Australian citizenship day takes place annually of 17 September. It was introduced by the Australian Government in 2001 in response to a recommendation by the Australian Citizenship Council (established in 1998) in their 2000 report Australian Citizenship for a New Century. The recommendation came from a proposal of the 1999 National Schools Constitutional Convention that a citizenship day be established to allow all Australians to celebrate their Australian citizenship. The Australian Citizenship Council noted that an annual citizenship day would increase community awareness of Australian citizenship while providing a focal point for citizenship-related activities and celebrations.
The date of 17 September was chosen as Australian Citizenship Day as it is the anniversary of the renaming, in 1973, of the Nationality and Citizenship Act 1948 to the Australian Citizenship Act 1948. The first Australian Citizenship Day was celebrated in 2001, coinciding with the Centenary of Federation. Since 2001, the department has promoted Australian Citizenship Day by holding special citizenship ceremonies, affirmation ceremonies and other events around the country highlighting the day. Local government councils are encouraged to hold special citizenship ceremonies and affirmation ceremonies on or around this day. Across Australia, thousands of people become Australian citizens each year at special Australian Citizenship Day ceremonies.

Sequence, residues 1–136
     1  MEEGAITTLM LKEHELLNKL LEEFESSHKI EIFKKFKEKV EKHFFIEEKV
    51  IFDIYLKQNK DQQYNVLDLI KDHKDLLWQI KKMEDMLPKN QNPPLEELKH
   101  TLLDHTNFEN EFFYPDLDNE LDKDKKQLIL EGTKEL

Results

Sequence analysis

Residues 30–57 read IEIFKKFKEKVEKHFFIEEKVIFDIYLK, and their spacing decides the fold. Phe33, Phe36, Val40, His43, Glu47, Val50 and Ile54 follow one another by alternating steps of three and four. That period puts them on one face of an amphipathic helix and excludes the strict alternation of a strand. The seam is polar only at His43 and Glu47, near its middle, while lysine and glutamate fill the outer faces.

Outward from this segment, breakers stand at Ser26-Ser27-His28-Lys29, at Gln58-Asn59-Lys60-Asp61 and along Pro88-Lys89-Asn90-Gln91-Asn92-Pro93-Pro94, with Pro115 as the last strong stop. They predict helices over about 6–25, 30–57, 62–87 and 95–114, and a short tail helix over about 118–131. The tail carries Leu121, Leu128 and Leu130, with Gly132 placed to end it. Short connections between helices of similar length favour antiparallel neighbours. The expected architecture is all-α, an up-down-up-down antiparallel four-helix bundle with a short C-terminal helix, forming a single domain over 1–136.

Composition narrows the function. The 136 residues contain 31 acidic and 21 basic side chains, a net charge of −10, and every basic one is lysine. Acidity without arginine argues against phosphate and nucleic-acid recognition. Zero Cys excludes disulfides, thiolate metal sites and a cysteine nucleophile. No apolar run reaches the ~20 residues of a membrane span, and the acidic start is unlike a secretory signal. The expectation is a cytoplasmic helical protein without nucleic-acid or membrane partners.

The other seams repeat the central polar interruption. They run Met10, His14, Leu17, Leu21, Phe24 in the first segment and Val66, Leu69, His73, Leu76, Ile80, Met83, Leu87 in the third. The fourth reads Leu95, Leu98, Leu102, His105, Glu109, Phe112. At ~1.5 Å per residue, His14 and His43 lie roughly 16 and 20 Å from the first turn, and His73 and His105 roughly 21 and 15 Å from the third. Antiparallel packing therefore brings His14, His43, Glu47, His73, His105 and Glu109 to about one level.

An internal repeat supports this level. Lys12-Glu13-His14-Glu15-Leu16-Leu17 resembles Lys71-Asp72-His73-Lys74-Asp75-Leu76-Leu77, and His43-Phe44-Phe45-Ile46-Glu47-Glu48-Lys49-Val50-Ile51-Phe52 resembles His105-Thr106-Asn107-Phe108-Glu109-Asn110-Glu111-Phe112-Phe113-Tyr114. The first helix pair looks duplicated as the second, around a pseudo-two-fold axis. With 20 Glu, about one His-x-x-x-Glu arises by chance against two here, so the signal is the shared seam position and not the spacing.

During the event, schools, organisations and community groups are encouraged to organise special events and activities. Many schools in Australia build on the theory learnt by students in their civics and citizenship education by holding celebrations on Australian Citizenship Day. For example, by holding a school assembly where students speak about what it means to them to be Australian, hosting an Australian citizenship affirmation ceremony or partnering with local councils to attend, or host, an Australian citizenship ceremony.